A diet high in sugar and carbohydrates may make you sleepy. These diets encourage the production of tryptophan, an amino acid that promotes sleep. Sugar is also known to suppress neurotransmitters in the brain linked to awareness.
If your lunchtime meal is full of carbohydrates and sugar, it could double up on your lack of energy experienced from depression.
Depression can make it feel as if everything is crashing in on you at once. To help prevent this feeling of being overwhelmed while at work, Alvin recommends keeping work at work and home life at home.
“Try not to blend the personal and the professional issues on one palate,” she says. “It can affect the intensity of both matters.”
Worrying about what’s going on at home can be distracting while at work. If your home situation or family members are contributing to anxiety and depression, it can be easy to bring those feelings with you to a job.
When you’re preoccupied with personal thoughts, work projects can naturally take a backseat, along with your motivation.
What if I work from home?
Whether you have a remote work office or a desk near your bed, you can innovate ways to compartmentalize your work hours and your off time. You can try:
- putting a door hangar on the knob to alert family and roommates you’re in a meeting or deep focus
- setting an alarm to end your workday and to begin your down time
- powering down your devices instead of just putting them to “sleep mode”
- physically putting something on your workspace to remind you “hands off” until the next day
These other resources might be helpful:
Tips to survive working from home
Strategies for remote work when you have a mental health condition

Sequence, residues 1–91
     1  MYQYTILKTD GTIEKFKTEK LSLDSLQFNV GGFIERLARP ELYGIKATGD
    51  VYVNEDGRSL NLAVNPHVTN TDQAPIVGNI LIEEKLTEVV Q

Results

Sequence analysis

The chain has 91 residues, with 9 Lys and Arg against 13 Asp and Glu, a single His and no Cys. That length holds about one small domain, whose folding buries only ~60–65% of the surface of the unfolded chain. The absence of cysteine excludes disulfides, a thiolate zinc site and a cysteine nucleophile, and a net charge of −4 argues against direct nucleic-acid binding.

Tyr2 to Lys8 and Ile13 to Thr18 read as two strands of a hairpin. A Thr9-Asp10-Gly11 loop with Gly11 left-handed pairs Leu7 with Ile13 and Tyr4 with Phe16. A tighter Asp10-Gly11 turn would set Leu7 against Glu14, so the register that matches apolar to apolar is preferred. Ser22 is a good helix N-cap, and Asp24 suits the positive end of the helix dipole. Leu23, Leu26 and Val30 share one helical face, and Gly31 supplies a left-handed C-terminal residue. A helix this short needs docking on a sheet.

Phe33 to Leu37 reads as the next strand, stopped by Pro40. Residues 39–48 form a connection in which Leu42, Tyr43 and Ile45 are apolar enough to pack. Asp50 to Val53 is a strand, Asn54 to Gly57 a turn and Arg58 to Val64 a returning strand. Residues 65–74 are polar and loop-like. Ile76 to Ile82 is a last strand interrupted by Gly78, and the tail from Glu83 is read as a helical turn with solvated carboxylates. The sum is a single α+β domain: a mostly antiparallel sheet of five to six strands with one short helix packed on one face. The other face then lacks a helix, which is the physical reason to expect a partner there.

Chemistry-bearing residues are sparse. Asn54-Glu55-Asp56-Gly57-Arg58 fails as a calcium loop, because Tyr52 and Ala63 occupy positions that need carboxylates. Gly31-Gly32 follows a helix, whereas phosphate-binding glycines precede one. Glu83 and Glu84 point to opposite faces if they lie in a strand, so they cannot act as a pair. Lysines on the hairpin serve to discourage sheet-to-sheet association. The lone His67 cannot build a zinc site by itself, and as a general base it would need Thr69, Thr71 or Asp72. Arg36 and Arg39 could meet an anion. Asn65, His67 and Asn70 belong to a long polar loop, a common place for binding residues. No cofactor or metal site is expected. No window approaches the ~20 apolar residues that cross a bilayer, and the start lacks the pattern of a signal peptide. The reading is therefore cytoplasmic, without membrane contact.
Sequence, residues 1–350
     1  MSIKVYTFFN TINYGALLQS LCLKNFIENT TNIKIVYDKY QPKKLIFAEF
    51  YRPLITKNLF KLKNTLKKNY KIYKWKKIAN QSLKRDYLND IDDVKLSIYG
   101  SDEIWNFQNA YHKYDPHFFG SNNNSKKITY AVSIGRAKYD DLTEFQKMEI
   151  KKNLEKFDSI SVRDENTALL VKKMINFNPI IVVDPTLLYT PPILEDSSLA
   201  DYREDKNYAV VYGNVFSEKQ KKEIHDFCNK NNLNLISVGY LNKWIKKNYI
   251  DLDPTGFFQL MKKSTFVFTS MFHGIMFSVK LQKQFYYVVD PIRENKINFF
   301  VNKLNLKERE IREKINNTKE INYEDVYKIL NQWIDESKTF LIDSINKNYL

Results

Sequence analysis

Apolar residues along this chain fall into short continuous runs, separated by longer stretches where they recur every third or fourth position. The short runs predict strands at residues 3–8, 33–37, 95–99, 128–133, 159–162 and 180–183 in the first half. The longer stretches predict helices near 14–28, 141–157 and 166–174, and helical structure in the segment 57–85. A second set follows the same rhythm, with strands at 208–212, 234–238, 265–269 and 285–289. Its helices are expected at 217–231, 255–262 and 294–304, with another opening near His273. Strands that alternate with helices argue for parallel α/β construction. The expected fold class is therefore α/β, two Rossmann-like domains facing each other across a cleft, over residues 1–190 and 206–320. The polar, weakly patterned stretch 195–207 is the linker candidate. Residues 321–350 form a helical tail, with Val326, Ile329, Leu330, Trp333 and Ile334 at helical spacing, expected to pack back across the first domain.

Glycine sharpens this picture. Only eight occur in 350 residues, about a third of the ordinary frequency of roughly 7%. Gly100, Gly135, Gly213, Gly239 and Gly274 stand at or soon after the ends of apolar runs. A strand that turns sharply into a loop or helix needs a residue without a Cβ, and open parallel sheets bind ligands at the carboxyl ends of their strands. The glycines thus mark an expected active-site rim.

Pointers for working from home when you have kids
Speak with your work counselor
Not all jobs provide access to a mental health professional. If yours has one on-site, you may find an occasional meeting beneficial to work through feelings of depression on the job.
If you aren’t able to have on-site meetings, your company may offer mental health incentive programs that support speaking with a professional on your own time.
You can learn about employee assistance program counseling services here.
Be proactive with backlog
Alvin suggests keeping an eye on work backlogs. Overdue or pressing deadlines can make work more stressful.
When you live with depression, feeling stressed can make you want to avoid work rather than meet it head-on.
Answering emails as soon as they come in and completing projects in small segments can prevent a pileup of work and can also help boost your sense of accomplishment.
Evaluate your opportunities
When you live with depression, small tasks can feel monumental. The last thing you might want to think about is changing careers.
If you’re experiencing extreme symptoms of depression, particularly while at work, this might be the conversation you need to have with yourself.
Bullying, unsupportive infrastructure, and feeling unappreciated can bring anyone down. If the negatives outweigh the positives at work, it might be time for something new.
Sometimes the only thing to do in a toxic situation is to leave.
Seek professional treatment
Living with depression means managing it at home, work, school, and everywhere in between.
No matter your circumstances, there are professional treatment options available.
Traditional talk therapy, support groups, and medication can all help you manage symptoms of depression in any situation.
Wondering how to be productive when depressed is natural. You may not have as much motivation to get projects done, but you know they need to be finished.
When depression makes you feel unmotivated at work, it’s not because you’re lazy. The changes in your brain are causing you to feel this way, and your work ethic has nothing to do with it.
Getting through the workday and finding motivation is still possible. You can try focus exercises, environmental changes, and self-care to help bypass your symptoms.
No matter where you are, or what you’re doing, treatment for this condition is available. A mental healthcare team can work with you to develop an individualized management plan.
If you’re considering self-harm or suicide, you’re not alone. Help is available right now: